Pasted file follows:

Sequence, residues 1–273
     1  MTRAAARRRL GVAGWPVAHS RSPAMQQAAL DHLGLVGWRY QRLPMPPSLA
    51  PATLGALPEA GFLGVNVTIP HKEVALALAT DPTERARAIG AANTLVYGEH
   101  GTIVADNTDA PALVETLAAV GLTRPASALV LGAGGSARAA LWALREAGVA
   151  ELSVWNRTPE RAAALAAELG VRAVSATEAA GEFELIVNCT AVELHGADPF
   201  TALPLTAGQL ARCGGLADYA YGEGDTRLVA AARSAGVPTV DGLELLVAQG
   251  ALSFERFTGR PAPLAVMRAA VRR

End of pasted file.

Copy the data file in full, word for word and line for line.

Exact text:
Sequence, residues 1–273
     1  MTRAAARRRL GVAGWPVAHS RSPAMQQAAL DHLGLVGWRY QRLPMPPSLA
    51  PATLGALPEA GFLGVNVTIP HKEVALALAT DPTERARAIG AANTLVYGEH
   101  GTIVADNTDA PALVETLAAV GLTRPASALV LGAGGSARAA LWALREAGVA
   151  ELSVWNRTPE RAAALAAELG VRAVSATEAA GEFELIVNCT AVELHGADPF
   201  TALPLTAGQL ARCGGLADYA YGEGDTRLVA AARSAGVPTV DGLELLVAQG
   251  ALSFERFTGR PAPLAVMRAA VRR